You Can the Wild Horses Monument it from I-90, Just East of the Columbia River Bridge
Just before driving onto or off of (depending on your direction of travel) the I-90 bridge crossing the Columbia River between Quincy and Vantage, Washington, you can see the silhouettes of wild horses up on a hilltop. They’re running, yet they never move, and they are always there. This isn’t a riddle–it’s just the wild horses monument.
You, keen-eyed reader, may have noticed that I didn’t capitalize “wild horses monument” as should be done for a proper name. That was intentional, I’ll have you knw. I do write and edit for a living, you know. I was just being clever by keeping it lowercase, you see. Fiendishly, demonically clever.
For, you see, the roadside sign may call it the Wild Horses Monument, and that may be what it’s listed as on Google Maps, but according to the Washington Trails Association, it’s actually named Grandfather Cuts Loose the Ponies. So, the latter deserves the distinction of capitalization.
(Do you SEE how clever I was being, now? Do you SEE?!?!)
Grandfather Cuts Loose the Ponies, less interestingly called the Wild Horses Monument, is an incomplete art installation started in 1989 by David Govedare, of the Chewelah tribe (White Hawk wrote a history of the people here).
The final project is supposed to have a basket tipped over on its side, from which the horses are running. Grandfather, being (to my understanding) a concept for the primeval natural god that creates the world, has tipped the basket over and let the horses loose.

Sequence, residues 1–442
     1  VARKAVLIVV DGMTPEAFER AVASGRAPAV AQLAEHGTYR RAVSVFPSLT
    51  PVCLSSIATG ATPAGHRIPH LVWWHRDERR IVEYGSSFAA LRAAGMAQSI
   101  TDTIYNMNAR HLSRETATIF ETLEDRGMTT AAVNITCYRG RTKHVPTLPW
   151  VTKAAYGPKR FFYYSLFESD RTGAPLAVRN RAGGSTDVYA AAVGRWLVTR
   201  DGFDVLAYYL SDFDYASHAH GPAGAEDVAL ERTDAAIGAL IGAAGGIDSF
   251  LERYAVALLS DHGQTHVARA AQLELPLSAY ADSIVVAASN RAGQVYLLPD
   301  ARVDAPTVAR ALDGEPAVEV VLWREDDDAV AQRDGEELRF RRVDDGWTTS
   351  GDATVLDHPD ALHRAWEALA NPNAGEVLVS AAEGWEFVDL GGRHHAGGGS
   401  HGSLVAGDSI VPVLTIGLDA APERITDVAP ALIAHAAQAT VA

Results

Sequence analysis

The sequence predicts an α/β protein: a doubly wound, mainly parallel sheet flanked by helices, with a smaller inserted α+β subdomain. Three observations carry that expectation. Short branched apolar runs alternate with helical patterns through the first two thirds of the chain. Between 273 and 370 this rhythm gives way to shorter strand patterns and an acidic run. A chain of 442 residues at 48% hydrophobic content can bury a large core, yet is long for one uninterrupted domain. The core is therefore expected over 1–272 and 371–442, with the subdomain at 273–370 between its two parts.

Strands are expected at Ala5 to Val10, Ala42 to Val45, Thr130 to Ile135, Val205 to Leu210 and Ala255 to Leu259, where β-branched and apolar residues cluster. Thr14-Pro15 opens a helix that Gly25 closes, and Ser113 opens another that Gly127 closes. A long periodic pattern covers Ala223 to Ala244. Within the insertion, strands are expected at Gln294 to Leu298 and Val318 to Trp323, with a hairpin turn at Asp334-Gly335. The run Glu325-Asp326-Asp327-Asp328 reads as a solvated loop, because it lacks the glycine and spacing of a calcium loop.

It should be pretty spectacular at completion, but I rather like the incomplete version up now, as well. I prefer the Grandfather Cuts Loos the Ponies name over the Wild Horses Monument and think changing it was a mistake. It’s far more interesting, poetic, and intriguingly unexpected. But, ain’t no one caring what name I prefer, so the point is moot. It’s the Wild Horses Monument, for all intents and purposes.
Hiking up to the Wild Horses Monument
There’s a parking lot at the base of the sculpture, which is on top of a steep rise. There’s also a trail up to the monument itself. This affords beautiful views of the Columbia and surrounding landscape, but it also exposes you to the graffiti that idiots have added to the artwork.
The climb is steep but very short, but the earth is loose, which makes the walking somewhat tricky. Making the climb (which you can freely assess from the parking lot) is kind of a mixed bag, really. You get a pretty view of the surrounding landscape and you get to feel like you’re running with the horses, but you also have to see the graffiti garbage on the sculptures.
I thankfully didn’t see anything profane or not-safe for children, but it is a visual annoyance for sure and detracts somewhat from the purity of the art.
The Wild Horses Monument piece is just off the highway, easy peazy, and worth the stop in my opinion. The sense of motion that Govedare created is amazing. This is exceptional art.
Happy nomadding, friends.